Faced with two measures, Board split 3-2 on referring a single preschool plan to voters
The Board of County Commissioners passed the first reading of the Universal Preschool Now! initiative petition Thursday, Aug. 27, setting the stage for a second vote to adopt the ordinance on Thursday, Sept. 3.
Universal Preschool Now! Proposed would impose a tax on high-income households to implement publicly-funded preschool in Multnomah County. At it’s next regular meeting, the Board can either refer the initiative to voters on the November 2020 ballot, or adopt it as an ordinance outright.
But leaders of the coalition asked the Board to use their legal authority to adopt and then immediately repeal the petition so that another preschool measure — Preschool for All, championed by Commissioner Jessica Vega Pederson and a coalition of community-based organizations — advances as the only early childhood education measure on the November ballot.
On Aug. 6, the Board of County Commissioners unanimously voted to refer Preschool for All to voters in the Nov. 2020 election. During that meeting, leaders from both preschool efforts announced their intent to merge efforts into a single, unified ballot measure. But because Universal Preschool Now! had already successfully collected the requisite signatures for an initiative, under Oregon law, petitioners cannot remove the initiative from the ballot.
The decision to merge left the Board of County Commissioners with two options: vote to adopt the proposed legislation and then repeal it at the behest of the petitioners, or send it to voters in November. Leaders from both coalitions have asked the Board to adopt and repeal the Universal Preschool Now! measure to prevent multiple preschool proposals from reaching the ballot.
“Getting to a single measure will allow us to reduce the confusion among voters, enable a unified coalition to unite behind one measure, eliminate a tax measure from a crowded ballot, and puts forth a proposal that recognizes the legitimate and deep and thorough community engagement and both the Universal Preschool Now! and the Preschool for All processes,” Commissioner Vega Pederson said. “That’s why I am putting forth this motion today, and if it passes, plan to put forward a motion to repeal the measure upon passage on Sept. 3.”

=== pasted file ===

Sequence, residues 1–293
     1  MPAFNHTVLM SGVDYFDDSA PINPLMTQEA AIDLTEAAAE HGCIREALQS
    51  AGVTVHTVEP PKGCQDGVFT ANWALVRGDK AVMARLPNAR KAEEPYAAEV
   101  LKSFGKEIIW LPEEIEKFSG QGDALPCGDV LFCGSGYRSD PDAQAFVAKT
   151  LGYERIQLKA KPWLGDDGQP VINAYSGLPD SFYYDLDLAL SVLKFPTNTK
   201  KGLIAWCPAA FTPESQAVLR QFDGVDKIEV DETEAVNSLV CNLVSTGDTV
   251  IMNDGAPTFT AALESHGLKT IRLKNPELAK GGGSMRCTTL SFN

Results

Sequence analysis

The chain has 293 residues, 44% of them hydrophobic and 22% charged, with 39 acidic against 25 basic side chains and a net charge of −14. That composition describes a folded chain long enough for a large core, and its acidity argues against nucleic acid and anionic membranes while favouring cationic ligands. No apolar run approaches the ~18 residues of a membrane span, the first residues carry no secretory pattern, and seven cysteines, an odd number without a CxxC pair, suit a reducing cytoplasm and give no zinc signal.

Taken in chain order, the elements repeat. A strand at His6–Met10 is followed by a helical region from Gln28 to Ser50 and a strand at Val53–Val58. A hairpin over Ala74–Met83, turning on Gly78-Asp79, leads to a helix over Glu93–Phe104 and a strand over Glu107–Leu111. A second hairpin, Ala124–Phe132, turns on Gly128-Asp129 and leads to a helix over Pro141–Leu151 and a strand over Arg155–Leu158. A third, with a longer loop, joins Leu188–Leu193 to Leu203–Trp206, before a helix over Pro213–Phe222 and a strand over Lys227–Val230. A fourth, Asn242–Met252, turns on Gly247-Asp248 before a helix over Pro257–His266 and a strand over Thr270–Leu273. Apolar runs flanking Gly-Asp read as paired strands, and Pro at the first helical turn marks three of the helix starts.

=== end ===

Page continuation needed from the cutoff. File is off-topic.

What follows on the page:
Leaders from Universal Preschool Now! acknowledged the legal conundrum Thursday, but reiterated their desire to have their own initiative repealed. During testimony, members said they share the core values of the Preschool for All measure and that putting two preschool measures side by side would confuse voters and split the vote.
“The UP Now! campaign was formed around shared values,” said Emily von W. Gilbert, one of the organizers behind Universal Preschool Now! Those core values include preschool for all children, fair wages for pre-school workers starting at $18 an hour and a measure funded by an equitable tax on the wealthy.
“Our coalition’s vote to merge wasn’t very complicated. The core values are there. We can clearly see that a single measure will bring about absolutely the best chance of succeeding at the ballot in November.”
John Betancourt, the other organizer behind Universal Preschool Now!, said most of the petition signatories were agreeing to a broad vision over specific policy details. As a result, he said, they likely would not oppose the Preschool For All initiative.
“Because very few voters cared to delve into any of the details that would differ between the original Universal Preschool Now! measure and the Preschool For All measure that has now been referred for November, we are confident that the current Preschool For All measure matches the intent of the 32,000 petition signers,” Betancourt said.